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NLCS Preview: Brewers have already shown they can hang with the Dodgers

Two blowouts may distort the season statistics, but the first two series between Milwaukee and Los Angeles this year shows the Brewers have a reason to be confident

MLB: Milwaukee Brewers at Los Angeles Dodgers Kelvin Kuo-USA TODAY Sports

The Brewers will face the Dodgers for the third time this season, and this time it will be to decide who comes away as National League champions.

The first two meetings had its ups and downs for the Brewers, and while the last game these teams played may leave a bad taste in the mouth — and some doubts in the minds — for some fans, there’s still plenty of room for optimism.

We’ll get more in-depth into the NLCS Preview as the week goes on, but let’s start with a look at what’s already happened between these two teams.

July 20th - Dodgers 6, Brewers 4

Right from the start, the first game this year between the Brewers and Dodgers was notable, as Miller Park played host to Manny Machado’s first game as a member of the Dodgers. It was also the first game after the All-Star break, and the Brewers were desperate to end a 6-game losing streak after dropping the series finale in Miami on July 11th and enduring a 5-game sweep in Pittsburgh that closed out the first half.

Machado made an impact right away, getting on base a total of 4 times in his debut, going 2-for-3 with 2 walks. Brewers pitching managed to shut down the bottom 2/3 of the LA order, though, keeping the game at 1-1 through 6 innings as Wade Miley and Rich Hill faced off in a pitcher’s duel that would’ve seemed unlikely just a couple years ago. The Dodgers broke through in the 7th inning, though, as Taylor Williams had the first of a couple of disaster outings against the Dodgers, allowing the first 6 batters of the inning to reach base safely. Only 2 runs came in to score, though, keeping the score close at 3-1.

Jesus Aguilar would homer to draw the Brewers closer to 3-2, but a 3-run home run by Enrique Hernandez off of Brandon Woodruff would put the game out of reach (although Christian Yelich started what would be an epic second half with a 2-run triple in the bottom of the 9th to cut the lead to 6-4).

MLB: Los Angeles Dodgers at Milwaukee Brewers Benny Sieu-USA TODAY Sports

July 21st - Brewers 4, Dodgers 2

If you want hope for Game 1, it’s that the Brewers have shown they’ve been able to beat Clayton Kershaw at Miller Park before — this year, even. The 7-game losing streak was improbably broken against Kershaw, and the Brewers had to come from behind to do it.

Chase Anderson gave up a 2-run single to Chris Taylor (who also played a major role in the first game of the series) in the 1st inning but settled down in the next few innings after that. After getting on the board in the bottom of the 2nd on an RBI groundout by Keon Broxton, the Brewers broke through against Kershaw in the 6th.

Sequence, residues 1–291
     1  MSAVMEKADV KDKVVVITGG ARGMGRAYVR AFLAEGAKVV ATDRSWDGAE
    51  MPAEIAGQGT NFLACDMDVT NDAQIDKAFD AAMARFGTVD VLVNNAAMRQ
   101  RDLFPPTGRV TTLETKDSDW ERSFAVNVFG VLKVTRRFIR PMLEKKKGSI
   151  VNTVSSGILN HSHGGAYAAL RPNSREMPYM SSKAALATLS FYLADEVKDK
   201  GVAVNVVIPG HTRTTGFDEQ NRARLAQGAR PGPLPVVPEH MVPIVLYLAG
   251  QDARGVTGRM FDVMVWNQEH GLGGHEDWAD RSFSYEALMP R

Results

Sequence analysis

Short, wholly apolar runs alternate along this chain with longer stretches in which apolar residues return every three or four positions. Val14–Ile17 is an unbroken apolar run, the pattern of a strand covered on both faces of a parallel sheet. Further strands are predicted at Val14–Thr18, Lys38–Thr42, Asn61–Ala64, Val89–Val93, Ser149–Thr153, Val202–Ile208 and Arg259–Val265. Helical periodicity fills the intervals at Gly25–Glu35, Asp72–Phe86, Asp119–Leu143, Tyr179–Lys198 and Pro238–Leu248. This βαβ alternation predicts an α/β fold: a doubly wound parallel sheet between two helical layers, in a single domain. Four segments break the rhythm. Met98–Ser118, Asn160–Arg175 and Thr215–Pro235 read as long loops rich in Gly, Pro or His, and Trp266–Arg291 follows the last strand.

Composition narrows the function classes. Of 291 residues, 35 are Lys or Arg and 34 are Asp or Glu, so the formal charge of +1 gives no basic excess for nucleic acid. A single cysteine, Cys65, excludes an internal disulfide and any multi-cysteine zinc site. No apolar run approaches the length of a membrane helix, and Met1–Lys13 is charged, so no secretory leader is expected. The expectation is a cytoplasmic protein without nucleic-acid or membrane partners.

Yelich led off the inning with a first-pitch home run off of the lefty. Ryan Braun doubled two batters later, and scored when Max Muncy let a ball get past him at third base. Broxton followed with an RBI triple to give the Brewers a 4-2 lead which the Brewers bullpen would not relinquish. Josh Hader pitched two innings and struck out the last 4 batters he faced, and Corey Knebel — while not sharp — managed to lock down the save in the 9th inning.

July 22nd - Dodgers 11, Brewers 2

In the first of two lop-sided losses to the Dodgers this year, LA teed off on an ailing Brent Suter, who gave up 6 runs (although only 2 earned) on 7 hits over 3 innings while trying to pitch through a recurrence of forearm tightness before mercifully being lifted. The next day it would be revealed that Suter needed Tommy John surgery.

He was replaced by Williams, who we would later find out was trying to pitch through elbow soreness. The Dodgers again torched him for multiple runs, scoring 5 times (3 of them being earned runs) on 4 hits and a walk. Hernan Perez and Erik Kratz would end up pitching the last three innings of the game, while Alex Wood and the Dodgers kept Milwaukee scoreless after the 1st inning. The loss dropped the Brewers to 3.5 games behind the Cubs in the NL Central.

July 30th - Brewers 5, Dodgers 2

As low as the Brewers were feeling after that first series loss, things started to turn around almost immediately after. They took 2 out of 3 against the Washington Nationals, then 3 of 4 from the San Francisco Giants in the first leg of their trip west. The Brewers got on the board quickly in their first game at Dodger Stadium, with Christian Yelich lead off the game with a double and Mike Moustakas — in just his third game with the Brewers — drawing a walk. A Lorenzo Cain single would load the bases with nobody out, and Travis Shaw followed with an RBI single.